Louise Bordelon was educated in landscape architecture, architecture, geography, and anthropology in both South Africa and the United States (where she was a Fulbright Scholar). Prior to joining CU Denver in 2019, Louise taught landscape architecture at Louisiana State University and worked in practice in South Africa and the United States and also held a postdoctoral fellowship in Geography at Stellenbosch University in South Africa.
Her research, teaching, and practice explore ideas around cultural landscapes, landscape interpretation, tourist photographs and their impact on tourist behavior, and the narratives and identities that we construct to create a tourist landscape. Louise is drawn to places of cultural and landscape change and is focused on exploring the 'neglected narratives' of landscape interpretation including erased ecologies, cultures, races, and individuals. Her varied and diverse education, and background as a woman from Africa, allow her to work through a truly interdisciplinary and inter-cultural approach to research and different research methodologies. Louise also publishes on topics around mountain biking, specifically barriers to women's participation in mountain biking and other sports associated with risk and fear. She practices Disturbia through rewilding the suburban landscape and displays a keen interest in urban ecology, biodiversity, pollinator pathways, and the invention of nature.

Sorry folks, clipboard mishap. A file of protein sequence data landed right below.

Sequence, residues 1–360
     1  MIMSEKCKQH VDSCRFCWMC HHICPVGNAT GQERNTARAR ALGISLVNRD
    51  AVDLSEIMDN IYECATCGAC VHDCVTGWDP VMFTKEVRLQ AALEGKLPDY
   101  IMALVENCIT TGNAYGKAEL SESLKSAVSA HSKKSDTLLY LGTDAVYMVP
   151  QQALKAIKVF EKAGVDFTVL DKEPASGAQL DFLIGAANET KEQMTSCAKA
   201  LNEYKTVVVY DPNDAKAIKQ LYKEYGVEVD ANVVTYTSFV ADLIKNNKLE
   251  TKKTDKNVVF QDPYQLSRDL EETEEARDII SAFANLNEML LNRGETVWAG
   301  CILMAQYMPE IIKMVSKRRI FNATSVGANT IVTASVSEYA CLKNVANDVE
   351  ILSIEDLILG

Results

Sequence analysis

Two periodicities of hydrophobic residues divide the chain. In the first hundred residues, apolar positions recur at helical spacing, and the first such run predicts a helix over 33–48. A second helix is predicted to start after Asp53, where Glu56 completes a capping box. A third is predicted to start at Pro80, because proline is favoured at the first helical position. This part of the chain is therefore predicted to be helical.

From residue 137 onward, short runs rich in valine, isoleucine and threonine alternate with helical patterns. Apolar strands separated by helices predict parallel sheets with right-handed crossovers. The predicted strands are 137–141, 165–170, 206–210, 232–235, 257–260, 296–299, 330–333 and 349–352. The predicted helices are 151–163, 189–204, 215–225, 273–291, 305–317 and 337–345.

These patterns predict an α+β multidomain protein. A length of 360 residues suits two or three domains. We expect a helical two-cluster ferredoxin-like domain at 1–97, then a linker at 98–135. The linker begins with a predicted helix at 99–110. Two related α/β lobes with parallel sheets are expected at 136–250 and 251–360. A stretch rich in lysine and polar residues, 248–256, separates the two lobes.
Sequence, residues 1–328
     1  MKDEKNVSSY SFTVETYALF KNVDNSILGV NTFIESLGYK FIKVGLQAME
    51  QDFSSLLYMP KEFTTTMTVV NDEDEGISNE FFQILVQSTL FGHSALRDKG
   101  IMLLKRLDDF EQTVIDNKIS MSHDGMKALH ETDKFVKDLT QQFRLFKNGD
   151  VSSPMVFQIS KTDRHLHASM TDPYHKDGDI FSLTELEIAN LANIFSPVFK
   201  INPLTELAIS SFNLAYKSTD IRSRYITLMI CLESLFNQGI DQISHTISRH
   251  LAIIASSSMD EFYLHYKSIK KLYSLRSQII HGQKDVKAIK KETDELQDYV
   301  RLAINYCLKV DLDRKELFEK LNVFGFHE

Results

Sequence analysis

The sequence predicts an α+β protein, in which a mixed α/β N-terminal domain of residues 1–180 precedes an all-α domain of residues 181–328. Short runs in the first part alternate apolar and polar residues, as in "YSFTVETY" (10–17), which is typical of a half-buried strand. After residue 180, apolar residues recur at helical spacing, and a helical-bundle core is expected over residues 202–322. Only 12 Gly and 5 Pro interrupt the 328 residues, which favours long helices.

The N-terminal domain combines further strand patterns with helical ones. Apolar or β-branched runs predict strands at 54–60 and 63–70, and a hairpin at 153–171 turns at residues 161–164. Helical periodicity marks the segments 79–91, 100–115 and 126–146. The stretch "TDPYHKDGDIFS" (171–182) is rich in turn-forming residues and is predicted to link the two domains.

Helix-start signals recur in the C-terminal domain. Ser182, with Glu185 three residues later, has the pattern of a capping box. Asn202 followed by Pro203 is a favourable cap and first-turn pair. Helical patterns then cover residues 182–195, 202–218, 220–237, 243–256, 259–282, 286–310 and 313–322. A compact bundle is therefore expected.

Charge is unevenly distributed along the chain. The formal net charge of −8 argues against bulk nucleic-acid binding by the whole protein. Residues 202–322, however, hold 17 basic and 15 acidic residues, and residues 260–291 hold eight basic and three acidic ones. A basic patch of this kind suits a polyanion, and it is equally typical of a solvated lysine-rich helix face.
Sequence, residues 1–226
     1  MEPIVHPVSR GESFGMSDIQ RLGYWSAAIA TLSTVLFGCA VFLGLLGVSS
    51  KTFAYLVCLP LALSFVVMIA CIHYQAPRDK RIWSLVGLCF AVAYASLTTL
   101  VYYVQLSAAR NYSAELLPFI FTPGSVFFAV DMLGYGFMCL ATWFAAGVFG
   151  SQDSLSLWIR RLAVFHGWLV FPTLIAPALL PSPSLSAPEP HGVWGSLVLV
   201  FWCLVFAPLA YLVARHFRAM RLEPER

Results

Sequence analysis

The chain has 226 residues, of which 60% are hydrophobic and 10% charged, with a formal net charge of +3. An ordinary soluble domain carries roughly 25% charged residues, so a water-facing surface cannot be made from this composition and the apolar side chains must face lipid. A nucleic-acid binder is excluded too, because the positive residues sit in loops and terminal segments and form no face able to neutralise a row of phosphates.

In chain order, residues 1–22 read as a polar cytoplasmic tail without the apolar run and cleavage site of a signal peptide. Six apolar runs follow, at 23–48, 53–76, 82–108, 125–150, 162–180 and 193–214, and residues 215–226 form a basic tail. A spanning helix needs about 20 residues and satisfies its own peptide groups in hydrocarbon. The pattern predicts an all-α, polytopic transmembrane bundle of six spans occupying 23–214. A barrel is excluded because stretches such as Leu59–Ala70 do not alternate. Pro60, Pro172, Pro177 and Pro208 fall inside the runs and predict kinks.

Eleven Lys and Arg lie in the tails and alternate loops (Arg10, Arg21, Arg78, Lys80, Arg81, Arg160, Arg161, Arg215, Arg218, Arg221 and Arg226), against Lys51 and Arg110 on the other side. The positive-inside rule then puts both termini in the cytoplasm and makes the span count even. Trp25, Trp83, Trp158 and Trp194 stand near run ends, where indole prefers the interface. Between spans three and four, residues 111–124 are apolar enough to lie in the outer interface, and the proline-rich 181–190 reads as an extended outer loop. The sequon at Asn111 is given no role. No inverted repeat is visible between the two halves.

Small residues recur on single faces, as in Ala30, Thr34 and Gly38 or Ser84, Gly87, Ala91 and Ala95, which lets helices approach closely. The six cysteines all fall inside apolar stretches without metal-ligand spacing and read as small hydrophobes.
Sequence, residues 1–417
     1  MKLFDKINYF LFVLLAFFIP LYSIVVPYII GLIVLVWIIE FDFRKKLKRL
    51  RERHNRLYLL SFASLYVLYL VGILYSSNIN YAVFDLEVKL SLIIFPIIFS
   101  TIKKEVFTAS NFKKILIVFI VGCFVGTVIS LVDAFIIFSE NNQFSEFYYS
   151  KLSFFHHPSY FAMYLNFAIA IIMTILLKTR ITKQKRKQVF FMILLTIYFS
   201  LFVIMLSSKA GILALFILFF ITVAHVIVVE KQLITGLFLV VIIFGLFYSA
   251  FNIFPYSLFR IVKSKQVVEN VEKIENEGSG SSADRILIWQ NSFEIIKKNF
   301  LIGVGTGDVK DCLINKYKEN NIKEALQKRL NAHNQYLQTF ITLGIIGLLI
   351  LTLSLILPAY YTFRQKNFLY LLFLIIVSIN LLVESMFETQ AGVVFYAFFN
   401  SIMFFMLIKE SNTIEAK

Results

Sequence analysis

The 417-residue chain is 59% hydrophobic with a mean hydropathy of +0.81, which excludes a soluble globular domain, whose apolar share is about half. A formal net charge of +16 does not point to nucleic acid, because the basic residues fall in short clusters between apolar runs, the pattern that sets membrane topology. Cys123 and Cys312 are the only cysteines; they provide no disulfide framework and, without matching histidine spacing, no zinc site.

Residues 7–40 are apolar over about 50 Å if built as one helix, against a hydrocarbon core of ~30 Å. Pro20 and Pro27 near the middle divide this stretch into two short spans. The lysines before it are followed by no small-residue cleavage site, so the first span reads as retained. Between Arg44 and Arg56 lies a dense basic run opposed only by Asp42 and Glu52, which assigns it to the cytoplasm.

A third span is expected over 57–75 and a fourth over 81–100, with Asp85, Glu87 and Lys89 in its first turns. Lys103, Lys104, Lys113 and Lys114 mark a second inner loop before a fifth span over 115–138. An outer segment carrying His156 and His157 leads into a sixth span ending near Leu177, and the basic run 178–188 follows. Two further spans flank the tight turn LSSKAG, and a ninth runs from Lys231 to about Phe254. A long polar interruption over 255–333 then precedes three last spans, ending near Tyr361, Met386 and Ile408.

Louise is a member of the American Society of Landscape Architects, the Council of Landscape Architecture Educators, and is a member of the CU Denver Fulbright Committee and the City of Arvada Parks Advisory Board.
cultural landscapes, representation, tourist behavior, national parks, Natchez Trace Parkway, biodiversity, urban ecology, hand-drawing, graphics, student assessment, and design teaching.